By Andrew MacAskill and Guy Faulconbridge
LONDON (Reuters) – Britain’s testing system for COVID-19 was creaking on Tuesday as a bottleneck prevented people including medics from getting a test in a potential threat to key health services, with the government saying it may take weeks to resolve the problem.
In an attempt to slow one of the highest coronavirus death tolls in the West, Prime Minister Boris Johnson promised in May to create a “world beating” system to test and trace people exposed to the virus.
Phil Sands, a medical engineer, who builds and repairs medical equipment at University College Hospital in London, said he had been off work for the last two days after one of his daughters developed a cold over the weekend.
Sands said he had tried more than 50 times to log on to the government’s website to book a test, but each time it either said there are none available or the system crashes.
“It is frustrating that I can’t work, I have no symptoms, there is nothing with me, but following the guidelines I have to stay home until I can prove that I don’t have COVID-19 or the (quarantine) time has passed,” he told Reuters.
Attempts by Reuters reporters to get a COVID-19 test on Tuesday were greeted with a notice on the government’s website saying: “This service is currently very busy. More tests should be available later.”
Chris Hopson, chief executive of NHS Providers, which represents hospital trusts in England, said a growing number of staff were unable to come to work because they or someone they live with had COVID-like symptoms but couldn’t get tested.
He said hospital bosses were working in the dark as they did not know why there were shortages, how long they were likely to last, how geographically widespread they were nor what priority would be given to healthcare workers.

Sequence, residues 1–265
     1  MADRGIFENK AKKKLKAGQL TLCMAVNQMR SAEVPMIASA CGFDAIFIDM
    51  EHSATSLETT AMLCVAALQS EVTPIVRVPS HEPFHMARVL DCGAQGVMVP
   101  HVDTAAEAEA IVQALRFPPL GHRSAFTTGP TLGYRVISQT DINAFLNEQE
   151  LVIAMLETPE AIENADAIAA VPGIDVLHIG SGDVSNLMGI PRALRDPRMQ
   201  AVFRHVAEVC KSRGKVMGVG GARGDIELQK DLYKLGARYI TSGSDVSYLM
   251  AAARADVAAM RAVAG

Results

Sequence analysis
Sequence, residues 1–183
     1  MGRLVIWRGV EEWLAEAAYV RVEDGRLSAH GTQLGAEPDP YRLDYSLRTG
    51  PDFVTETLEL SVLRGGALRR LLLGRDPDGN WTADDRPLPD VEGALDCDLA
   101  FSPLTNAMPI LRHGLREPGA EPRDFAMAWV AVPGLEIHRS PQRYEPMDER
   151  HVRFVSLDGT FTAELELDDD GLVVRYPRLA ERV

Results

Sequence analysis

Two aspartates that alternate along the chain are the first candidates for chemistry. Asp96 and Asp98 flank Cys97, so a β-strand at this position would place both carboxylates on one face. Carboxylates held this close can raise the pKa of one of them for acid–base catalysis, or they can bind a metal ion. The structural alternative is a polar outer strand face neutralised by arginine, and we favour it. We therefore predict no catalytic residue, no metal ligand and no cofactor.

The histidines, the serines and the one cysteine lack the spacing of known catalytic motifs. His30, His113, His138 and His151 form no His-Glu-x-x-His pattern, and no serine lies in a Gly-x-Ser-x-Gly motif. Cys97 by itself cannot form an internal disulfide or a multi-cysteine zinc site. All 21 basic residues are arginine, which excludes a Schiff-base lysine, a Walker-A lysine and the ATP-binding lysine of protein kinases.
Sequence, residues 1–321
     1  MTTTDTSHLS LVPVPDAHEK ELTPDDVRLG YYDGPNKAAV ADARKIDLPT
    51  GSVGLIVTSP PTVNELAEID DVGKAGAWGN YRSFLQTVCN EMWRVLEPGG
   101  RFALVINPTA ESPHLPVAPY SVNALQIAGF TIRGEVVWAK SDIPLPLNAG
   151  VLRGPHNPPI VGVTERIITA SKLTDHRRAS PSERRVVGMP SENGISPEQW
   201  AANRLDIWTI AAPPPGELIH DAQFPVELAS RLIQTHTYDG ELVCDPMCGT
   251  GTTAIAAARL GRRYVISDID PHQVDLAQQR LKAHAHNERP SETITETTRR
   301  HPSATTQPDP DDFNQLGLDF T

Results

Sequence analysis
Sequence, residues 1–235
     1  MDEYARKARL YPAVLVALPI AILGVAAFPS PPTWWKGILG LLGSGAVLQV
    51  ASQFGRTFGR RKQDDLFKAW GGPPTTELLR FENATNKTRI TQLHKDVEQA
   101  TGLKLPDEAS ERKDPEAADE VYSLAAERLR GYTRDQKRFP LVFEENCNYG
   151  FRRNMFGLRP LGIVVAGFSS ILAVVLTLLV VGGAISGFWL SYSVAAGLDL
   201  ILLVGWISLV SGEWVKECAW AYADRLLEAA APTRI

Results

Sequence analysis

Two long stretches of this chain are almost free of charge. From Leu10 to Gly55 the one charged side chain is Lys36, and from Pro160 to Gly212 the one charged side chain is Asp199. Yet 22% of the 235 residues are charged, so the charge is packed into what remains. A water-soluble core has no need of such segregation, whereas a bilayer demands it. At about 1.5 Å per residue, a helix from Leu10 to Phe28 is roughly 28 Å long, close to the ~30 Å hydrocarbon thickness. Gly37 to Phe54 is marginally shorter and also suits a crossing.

The United Kingdom reported 3,105 confirmed new cases of COVID-19 on Tuesday, up by almost one-fifth from Monday.
Britain advises those showing symptoms to get a test though it says the system has been burdened by people with no symptoms asking for tests. Some schools have demanded any ill students get a test or stay away for 14 days.
Britain’s health minister said the government was working hard to fix what he said were “operational challenges” in the testing system caused by a surge in demand and that it may take weeks to resolve the shortages.
“As we expand capacity further we are working round the clock to ensure everyone who needs a test can get a test,” Matt Hancock told parliament.
Hancock said there had been a sharp rise in people coming forward for tests, including those who were not eligible.
Lawmakers from across the House complained that voters had raised repeated problems with the testing system – including for children whose schools had demanded they have a test if they showed cold symptoms.
Fusion Media or anyone involved with Fusion Media will not accept any liability for loss or damage as a result of reliance on the information including data, quotes, charts and buy/sell signals contained within this website. Please be fully informed regarding the risks and costs associated with trading the financial markets, it is one of the riskiest investment forms possible.